The women had been attending an Exit International meeting on a Sunday afternoon early early this month in the Lower Hutt suburb of Maungaraki.
As they left, about 4pm, all were pulled over at the checkpoint and – before being asked to blow into the machine – were made to give their names and addresses, and show their driver’s licences.
In the days that followed, at least 10 of them received visits from police officers, asking questions about their association with Exit, a pro-euthanasia group.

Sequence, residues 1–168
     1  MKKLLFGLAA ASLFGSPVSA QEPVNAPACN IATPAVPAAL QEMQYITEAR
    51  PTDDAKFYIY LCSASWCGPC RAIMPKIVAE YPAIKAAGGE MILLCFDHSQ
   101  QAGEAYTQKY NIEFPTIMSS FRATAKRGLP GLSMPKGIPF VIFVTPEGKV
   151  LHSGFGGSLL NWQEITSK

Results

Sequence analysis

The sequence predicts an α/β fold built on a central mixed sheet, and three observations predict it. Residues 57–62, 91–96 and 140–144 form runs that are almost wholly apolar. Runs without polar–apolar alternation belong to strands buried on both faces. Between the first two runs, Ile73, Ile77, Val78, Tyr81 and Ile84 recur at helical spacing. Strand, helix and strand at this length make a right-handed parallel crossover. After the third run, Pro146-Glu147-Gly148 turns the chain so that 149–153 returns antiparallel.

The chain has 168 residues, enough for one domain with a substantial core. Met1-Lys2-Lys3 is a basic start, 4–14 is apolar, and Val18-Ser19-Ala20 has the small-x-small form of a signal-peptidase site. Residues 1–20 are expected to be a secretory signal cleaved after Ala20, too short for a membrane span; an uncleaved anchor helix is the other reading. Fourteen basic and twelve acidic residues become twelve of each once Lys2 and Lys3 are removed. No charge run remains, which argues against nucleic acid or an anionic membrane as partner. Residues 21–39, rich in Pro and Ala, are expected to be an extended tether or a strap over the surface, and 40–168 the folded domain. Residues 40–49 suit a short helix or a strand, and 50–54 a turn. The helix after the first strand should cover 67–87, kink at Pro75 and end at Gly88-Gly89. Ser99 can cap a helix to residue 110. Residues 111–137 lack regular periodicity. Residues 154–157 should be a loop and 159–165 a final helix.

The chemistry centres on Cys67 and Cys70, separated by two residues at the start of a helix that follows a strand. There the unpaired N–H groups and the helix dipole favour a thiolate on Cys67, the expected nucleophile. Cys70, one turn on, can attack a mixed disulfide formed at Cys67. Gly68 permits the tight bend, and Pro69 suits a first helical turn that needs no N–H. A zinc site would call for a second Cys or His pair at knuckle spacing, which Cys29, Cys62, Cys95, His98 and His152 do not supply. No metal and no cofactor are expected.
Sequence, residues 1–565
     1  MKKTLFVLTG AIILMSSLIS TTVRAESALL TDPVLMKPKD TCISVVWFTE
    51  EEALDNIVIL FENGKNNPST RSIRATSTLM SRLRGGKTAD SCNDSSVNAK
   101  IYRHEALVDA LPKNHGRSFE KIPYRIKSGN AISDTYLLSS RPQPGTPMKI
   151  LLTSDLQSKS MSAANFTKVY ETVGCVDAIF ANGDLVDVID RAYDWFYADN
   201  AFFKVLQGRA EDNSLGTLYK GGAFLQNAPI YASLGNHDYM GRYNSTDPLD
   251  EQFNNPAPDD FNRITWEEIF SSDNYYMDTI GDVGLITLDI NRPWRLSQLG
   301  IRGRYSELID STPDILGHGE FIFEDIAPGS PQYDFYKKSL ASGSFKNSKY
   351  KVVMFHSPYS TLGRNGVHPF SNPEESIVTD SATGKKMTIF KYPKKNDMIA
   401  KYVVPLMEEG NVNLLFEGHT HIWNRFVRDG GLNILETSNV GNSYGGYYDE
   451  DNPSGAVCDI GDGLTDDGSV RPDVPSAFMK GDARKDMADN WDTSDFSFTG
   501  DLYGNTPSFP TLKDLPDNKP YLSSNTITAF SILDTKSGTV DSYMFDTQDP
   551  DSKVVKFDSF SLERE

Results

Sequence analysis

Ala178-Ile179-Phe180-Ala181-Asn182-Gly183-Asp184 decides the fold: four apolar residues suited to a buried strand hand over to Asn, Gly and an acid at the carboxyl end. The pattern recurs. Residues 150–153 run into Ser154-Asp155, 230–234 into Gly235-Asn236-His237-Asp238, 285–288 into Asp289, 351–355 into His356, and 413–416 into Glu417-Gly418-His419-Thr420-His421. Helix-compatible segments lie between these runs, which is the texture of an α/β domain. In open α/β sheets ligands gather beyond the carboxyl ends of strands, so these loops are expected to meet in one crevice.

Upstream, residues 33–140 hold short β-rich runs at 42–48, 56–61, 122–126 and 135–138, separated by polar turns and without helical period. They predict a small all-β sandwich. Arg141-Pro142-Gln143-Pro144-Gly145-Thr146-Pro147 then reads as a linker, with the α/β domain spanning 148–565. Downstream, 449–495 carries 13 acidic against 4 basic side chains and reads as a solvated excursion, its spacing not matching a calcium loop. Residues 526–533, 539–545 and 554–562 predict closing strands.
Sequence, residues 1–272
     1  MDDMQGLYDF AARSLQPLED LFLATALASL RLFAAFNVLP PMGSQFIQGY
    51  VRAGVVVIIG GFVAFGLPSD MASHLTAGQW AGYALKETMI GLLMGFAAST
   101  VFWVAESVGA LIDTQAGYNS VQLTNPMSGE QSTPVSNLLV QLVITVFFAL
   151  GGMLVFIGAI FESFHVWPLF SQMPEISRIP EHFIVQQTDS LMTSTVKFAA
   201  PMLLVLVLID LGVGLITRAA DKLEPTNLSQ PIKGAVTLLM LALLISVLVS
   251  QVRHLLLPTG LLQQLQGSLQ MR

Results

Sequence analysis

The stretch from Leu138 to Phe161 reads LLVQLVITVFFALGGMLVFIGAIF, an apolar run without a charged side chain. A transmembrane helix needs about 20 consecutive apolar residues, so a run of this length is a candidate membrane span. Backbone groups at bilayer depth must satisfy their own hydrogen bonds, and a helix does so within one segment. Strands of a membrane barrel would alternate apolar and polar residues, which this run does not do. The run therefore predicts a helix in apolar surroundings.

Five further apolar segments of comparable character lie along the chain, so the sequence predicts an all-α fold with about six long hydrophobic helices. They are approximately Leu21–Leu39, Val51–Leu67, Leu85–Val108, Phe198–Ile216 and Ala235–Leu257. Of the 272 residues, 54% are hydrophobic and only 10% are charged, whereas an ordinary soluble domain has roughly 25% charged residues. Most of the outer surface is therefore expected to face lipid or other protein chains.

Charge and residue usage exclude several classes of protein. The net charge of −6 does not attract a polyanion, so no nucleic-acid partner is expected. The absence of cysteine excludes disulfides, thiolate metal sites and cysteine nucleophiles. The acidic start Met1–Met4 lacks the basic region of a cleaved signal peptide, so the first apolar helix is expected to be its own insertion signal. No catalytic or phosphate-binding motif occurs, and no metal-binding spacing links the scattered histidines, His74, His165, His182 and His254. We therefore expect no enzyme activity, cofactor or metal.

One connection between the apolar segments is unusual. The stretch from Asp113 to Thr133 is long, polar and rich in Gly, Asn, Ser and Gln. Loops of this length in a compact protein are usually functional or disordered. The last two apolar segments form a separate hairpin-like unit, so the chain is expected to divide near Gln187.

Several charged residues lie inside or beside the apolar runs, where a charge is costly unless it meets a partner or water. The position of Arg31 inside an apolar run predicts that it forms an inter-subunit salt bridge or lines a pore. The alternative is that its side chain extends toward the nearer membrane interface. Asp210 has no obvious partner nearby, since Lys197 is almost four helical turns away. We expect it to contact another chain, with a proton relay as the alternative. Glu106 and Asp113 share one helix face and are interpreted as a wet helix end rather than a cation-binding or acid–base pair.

Wellington barrister Douglas Ewen, a specialist in human rights, said it could be an abuse of police powers if it could be proven they used the guise of a checkpoint to get details for an issue unrelated to road safety.
Similarly, the act of stopping cars for a purpose other than road safety could be seen as “arbitrary detention”, and therefore a breach of the Bill of Rights.
“If a power is conferred, it should be used for that purpose,” Ewen said.
I’m no lawyer but I would have thought a checkpoint must be for road safety and not to find out who attended a meeting down the road.
I’d suggest a complaint to the IPCA so they investigate.